TikTok-style video dominates online, sparking creativity crisis

TikTok-style video dominates online, sparking creativity crisis

Illustration: Sarah Grillo/Axios

A new era of short videos is sweeping the internet, forcing all types of creators – from podcasters to photographers and editors – to adjust their media strategies.

why is it important: There have never been more opportunities to create content online, but commercial incentives are driving all kinds of creative individuals and businesses to pursue the same viral trends.

be smart“With TikTok, Instagram Reels and a few other new platforms, the addiction is platform,” said Sasha Kaletsky, co-founder of Creator Ventures, a creator-economy investment firm. “The user is not looking for any creator in particular, he is looking for entertainment” he told Axios on stage last month.

For creatorsthat means a big shift to quick and cheap behind-the-scenes videos.

  • television journalistseager to build new audiences as linear television fades, are leaning into “get ready with me” videos that show their morning routines.
  • Photographers post videos of their photoshoots and spectacular photo edits before and after.
  • Podcasters post videos of themselves interviewing guests in their recording studios which they hope will draw users to their shows on Spotify or Apple.
  • meme makers even tried posting meme images as short videos on platforms like Instagram to boost their rankings in the app’s algorithms.

By the numbers: A new report from mobile analytics firm data.ai reveals that users spend an average of 3.1 billion hours worldwide streaming user-generated content daily on mobile-native, short-form video apps like TikTok and Youtube.

Zoom out: Almost all of the user growth among teens online is going to short-form video apps. This means that the best shot creators can take to build an audience is to look into viral video trends, even if they are not video professionals.

Data: Pew Research Center;  Note: The 2014/2015 survey did not ask about TikTok, which launched globally in 2018, or YouTube;  Graphic: Nicki Camberg/Axios
Data: Pew Research Center; Note: The 2014/2015 survey did not ask about TikTok, which launched globally in 2018, or YouTube; Graphic: Nicki Camberg/Axios

How we got here: The explosive rise of TikTok during the pandemic and growing concerns over user data privacy have caused nearly every major social media company to fundamentally change their content distribution strategy.

  • Meta said in July that it would focus on recommending Facebook content to users based on what goes viral rather than increasing content based on social connections – a change that would transform the app so that ‘she looks more like TikTok.
  • “It’s only natural that social media will likely turn to referral media for the foreseeable future, because if social media supports ads, the most engaged content will be the one that generates the most ad revenue,” said Michael Mignano. , a creator economy investor at Lightspeed Venture Partners.

Yes, but: When he began rolling out these changes to Instagram – an app designed for photographers, artists and other creative professionals – users revolted.

  • “A lot of artists are having a really hard time with change,” Kaya Yurieff, a reporter for The Information who focuses on the creator economy, told Axios. “But they’re embracing video because they don’t really have a choice anymore.”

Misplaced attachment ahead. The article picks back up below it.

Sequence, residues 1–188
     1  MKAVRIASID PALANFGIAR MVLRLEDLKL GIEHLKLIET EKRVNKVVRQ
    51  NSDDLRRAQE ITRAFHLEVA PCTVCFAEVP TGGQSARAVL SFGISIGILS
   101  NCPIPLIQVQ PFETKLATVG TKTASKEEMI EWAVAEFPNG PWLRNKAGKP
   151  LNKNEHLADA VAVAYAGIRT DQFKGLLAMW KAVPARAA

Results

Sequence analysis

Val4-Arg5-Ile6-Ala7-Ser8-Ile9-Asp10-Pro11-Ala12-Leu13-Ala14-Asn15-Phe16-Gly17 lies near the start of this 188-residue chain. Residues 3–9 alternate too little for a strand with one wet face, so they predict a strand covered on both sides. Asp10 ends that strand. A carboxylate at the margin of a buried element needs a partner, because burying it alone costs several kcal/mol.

National Geographic, the most followed publisher on social networks, faces this pressure. “A lot of our incredible social reach is built on our strength on Instagram, which is built on our strength in photography, which is great,” National Geographic’s new editor-in-chief Nathan Lump told Axios last month.

  • “But obviously we know that video gets a lot of engagement on social media, and that’s where there’s a lot of growth in terms of engagement, users and social platforms. So we have to put much more emphasis on that.”

Between the lines: Social media platforms have a lot to gain in the long run by leaning into short-form video. But so far, user adoption of short videos has outpaced business opportunities for creators.

  • “Ad load on short video products remains low as platforms prioritize growing engagement over monetization at this stage,” MoffettNathanson analysts wrote in a note to clients earlier this year. .
  • BuzzFeed blamed this dynamicin part, for having to lay off 12% of its workforce earlier this month.

And after: There are still more people than ever creating new content, and some observers believe the advent of generative AI tools like Dall-E, Stable Diffusion, and ChatGPT will make it even easier for newcomers.

  • “The way I think about AI right now is that it’s a way to allow humans to create more and express themselves more, but it’s not a replica or a replacement for real human creativity. “said Mignano of Lightspeed.
  • But many artists are wary of generative AI. They oppose AI companies’ use of vast amounts of data, including copyrighted material, to train programs. And they fear that the new tools will make their difficult business even more difficult.

What they say : “There’s been a paradigm shift from mass-produced content to hyper-personalized one-to-one content, which is becoming easier and easier with these AI tools,” said Anushk Mittal, co-founder of the avatar startup. Generative AI Circle. Laboratories.

  • “I think this is an emerging area that we still need to explore,” Mittal said. “My perspective is that…we look at art all the time and that’s how you get inspired to create new art. It’s the same thing but instead of humans doing it, it’s a machine.”

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